A major finding of this study is that areas with similar hydrometeorological and geophysical characteristics may exhibit differences in social vulnerability. Marked differences are observed in the spatial distribution of social vulnerability among the three ecological regions. The central and western Mountain, western Hill, and central and eastern Tarai regions exhibit relatively higher social vulnerability, while the central and eastern Hill regions reveal comparatively less vulnerability. This finding is interesting because elevation, natural hazard risk, and geophysical and hydrometeorological regimes are similar within each ecological region, but social vulnerability is not. Thus, while populations residing within each region are subjected to similar natural environments (and thus exhibit similar exposure to the same natural hazards), our findings suggest that social, economic, and built environment attributes make the places different in terms of level of social vulnerability, which in turn affects the levels of disaster risks. A majority of villages and municipalities in the central and eastern Tarai regions, which contain a disproportionate amount of the population, are categorized in the High and Medium–High vulnerability classes, whereas population centers in the western Tarai region are primarily classified as Medium or lower. These results parallel the fact that the central and eastern Tarai regions lag behind in education and health while also being home to a large number of poor, Dalit, and minority groups (Sharma et al. 2014). As for the Hill and Mountain regions, the 1996–2006 armed political conflict emerged in the western Hill region and then expanded. Due to geographic proximity, villages and municipalities in the western Hill and central and western Mountain regions were acutely affected, further paralyzing the development trajectory of already isolated segments of the country.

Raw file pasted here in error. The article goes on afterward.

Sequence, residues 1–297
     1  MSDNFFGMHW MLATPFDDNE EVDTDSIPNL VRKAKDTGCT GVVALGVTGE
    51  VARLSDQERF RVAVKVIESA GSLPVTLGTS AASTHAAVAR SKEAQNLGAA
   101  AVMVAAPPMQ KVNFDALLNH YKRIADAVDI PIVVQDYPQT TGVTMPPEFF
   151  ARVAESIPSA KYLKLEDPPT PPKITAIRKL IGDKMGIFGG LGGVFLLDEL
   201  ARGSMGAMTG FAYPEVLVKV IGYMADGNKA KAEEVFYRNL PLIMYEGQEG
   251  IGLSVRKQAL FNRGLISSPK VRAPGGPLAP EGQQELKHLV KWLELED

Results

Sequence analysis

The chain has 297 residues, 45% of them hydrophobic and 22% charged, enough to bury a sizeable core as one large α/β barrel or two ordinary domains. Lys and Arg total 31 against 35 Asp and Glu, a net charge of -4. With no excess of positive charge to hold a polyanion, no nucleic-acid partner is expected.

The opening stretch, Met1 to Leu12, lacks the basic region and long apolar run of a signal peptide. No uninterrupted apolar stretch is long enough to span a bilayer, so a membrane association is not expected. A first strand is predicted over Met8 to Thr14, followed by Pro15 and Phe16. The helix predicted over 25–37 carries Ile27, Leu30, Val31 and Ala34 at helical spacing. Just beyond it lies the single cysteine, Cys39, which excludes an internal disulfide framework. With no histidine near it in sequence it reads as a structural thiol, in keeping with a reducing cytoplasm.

Our regional findings both correspond and contrast with previous studies. For example, while Mainali and Pricope’s (2017) investigation of climate change vulnerability similarly contends that western portions of the Hill and Mountain regions exhibit relatively greater vulnerability, they classify the central and eastern Tarai regions in a low to moderate category. This classification contrasts with our identification of the central and eastern Tarai regions as relatively highly vulnerable. Our results also indicate that villages and municipalities in the central and eastern Hill regions are relatively less vulnerable, but the Ministry of Environment of the Government of Nepal (2010), in a report on climate change and climate-related disasters, claims that these areas are highly vulnerable. A study by K.C. (2013), which investigated flood and landslide vulnerability between Tarai and non-Tarai districts through the lens of education, found that vulnerability is greater in the Tarai region compared to the remainder of the country. However, our analyses reveal that the western Tarai region performs relatively well in educational attainment and is less vulnerable than the rest of the Tarai region and many other parts of the country. Observed collectively, discrepancies with similar studies are likely linked to (1) the spatial units of analysis; and (2) the type(s) of hazard(s) considered. The studies by K.C. (2013) and the Ministry of Environment of the Government of Nepal (2010) used districts as the spatial unit of analysis, but our study used smaller-scale villages and municipalities. Additionally, our study considered multiple hazard types (rather than only floods, landslides, and/or climate-related hazards) and used more variables. We argue that smaller-scale analyses and consideration of more variables has potential to generate more refined and spatially explicit results. Further, we argue that incorporating multiple hazards (as opposed to a single hazard type) is more realistic in a complex, dynamic, and compounding sociophysical environment such as Nepal.
Social vulnerability is discussed above at the composite SoVI and regional scales; however, drivers of vulnerability vary at the component and local scales. The Medical Services component, for example, exhibits a distinct geographic pattern: Mountain villages are highly vulnerable, with vulnerability decreasing as elevation decreases. Mountain villages are sparsely populated and are characterized by remoteness and isolation, which results in poor access to health facilities. As elevation decreases, population size and concentration increase and thus result in greater numbers of health facilities. We also overlaid the new province boundaries (see Fig. 1) and found that a majority of villages in Provinces 2, 4, 6, and 7 are classified in the High vulnerability category, whereas a majority of villages in Provinces 1 and 3 are classified as Low.